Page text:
Interview with FiveAA Adelaide

  • Transcript, E&OE
Subjects: Bali Process Ministerial Conference in Adelaide; earthquake in Türkiye; first shipment of Australian coal to China in more than two years; Australia’s relationship with China

Will Goodings: A significant event taking place in Adelaide today, and something of a first, the Foreign Minister Penny Wong, is co‑chairing the 8th Bali Process Ministerial Conference that looks at all manner of things, people smuggling, trafficking, transnational crime, in our neck of the woods, and it features a host of ministers from places like Singapore, Vietnam, Bangladesh, Papua New Guinea, Kiribati; notably, never taken place outside of Indonesia until today, and it takes place right here in Adelaide. The Foreign Minister is our guest on FiveAA Breakfast. Minister, good morning to you.

Penny Wong, Foreign Minister: Good morning to you both, how are you?

David Penberthy: We're good, thanks, Penny.

Foreign Minister: That's great.

Penberthy: Thank you so much for joining us, we haven't spoken for a while, it's good to catch up.

Foreign Minister: Yes, sorry.

Penberthy: No, no, no. Well, you've been busy restoring order in the South Pacific since being re‑elected, and you've been doing a pretty good job on that front, trying to get China back in the tent?

Foreign Minister: Oh, well, you know, you've got to keep talking to people, and unfortunately for the family, there's nothing like turning up. So we've been trying to turn up, that's the good thing, but look, it's great to be back in Adelaide, and it's pretty exciting to be here with so many other ministers, and other representatives of government for the first Bali Process outside of Indonesia.

Penberthy: It's going to be big. We want to get to that. But hey, obviously at the moment, and I know you're keen to talk about this too, but the biggest story in the world right now is Türkiye. It's just heartbreaking seeing some of the images that come from there, and Australia is playing its part too, isn't it?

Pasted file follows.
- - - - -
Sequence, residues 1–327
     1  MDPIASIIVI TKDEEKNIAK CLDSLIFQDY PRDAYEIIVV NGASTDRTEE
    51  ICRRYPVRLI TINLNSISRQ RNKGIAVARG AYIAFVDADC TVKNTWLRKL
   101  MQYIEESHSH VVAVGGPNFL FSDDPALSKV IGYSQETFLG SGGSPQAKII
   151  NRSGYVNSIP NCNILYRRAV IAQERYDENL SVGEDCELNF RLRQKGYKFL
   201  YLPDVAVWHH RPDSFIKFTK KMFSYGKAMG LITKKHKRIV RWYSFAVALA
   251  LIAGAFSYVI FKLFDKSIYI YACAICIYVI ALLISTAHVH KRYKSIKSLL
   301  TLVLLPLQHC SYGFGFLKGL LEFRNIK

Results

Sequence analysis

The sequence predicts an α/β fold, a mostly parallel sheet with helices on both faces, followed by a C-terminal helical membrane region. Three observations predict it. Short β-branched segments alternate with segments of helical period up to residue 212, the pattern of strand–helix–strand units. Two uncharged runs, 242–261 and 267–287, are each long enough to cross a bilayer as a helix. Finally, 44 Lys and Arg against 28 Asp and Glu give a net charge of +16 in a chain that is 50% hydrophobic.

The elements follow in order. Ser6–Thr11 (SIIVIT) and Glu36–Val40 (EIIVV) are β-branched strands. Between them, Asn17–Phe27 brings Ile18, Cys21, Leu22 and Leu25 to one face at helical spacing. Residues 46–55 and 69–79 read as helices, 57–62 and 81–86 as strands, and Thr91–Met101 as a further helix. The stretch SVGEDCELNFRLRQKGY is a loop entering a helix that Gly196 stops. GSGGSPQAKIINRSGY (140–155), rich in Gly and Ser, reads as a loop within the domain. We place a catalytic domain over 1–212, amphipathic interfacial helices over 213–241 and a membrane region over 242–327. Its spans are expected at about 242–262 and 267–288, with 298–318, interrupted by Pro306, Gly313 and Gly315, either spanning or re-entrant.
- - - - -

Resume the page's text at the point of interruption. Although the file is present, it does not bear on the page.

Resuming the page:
Foreign Minister: Absolutely, and I think all of us are just being so, it's been devastating to watch the images and to know how many people have perished, how many have been injured, how many homes have been destroyed, and of course it's still an ongoing search and rescue operation.

So in addition to our initial response, the $10 million in humanitarian assistance for those who are affected, we're really pleased that the disaster response team has been deployed to Türkiye, and I want to acknowledge the state governments, particularly New South Wales, who are contributing people, I think about 72 personnel. We're expecting them to depart this morning and to be there probably for about 10 days. So it is important that we all work together at this time, and it's a really very, very distressing event, tragic event.

Goodings: It's a significant week too for Australia in relation to a relationship that David alluded to right at the start there, Minister. The first shipment of Australian coal to China in more than two years has just arrived. When would you expect some restrictions that the Chinese Government put on other industries in Australia like wine and barley to be relaxed?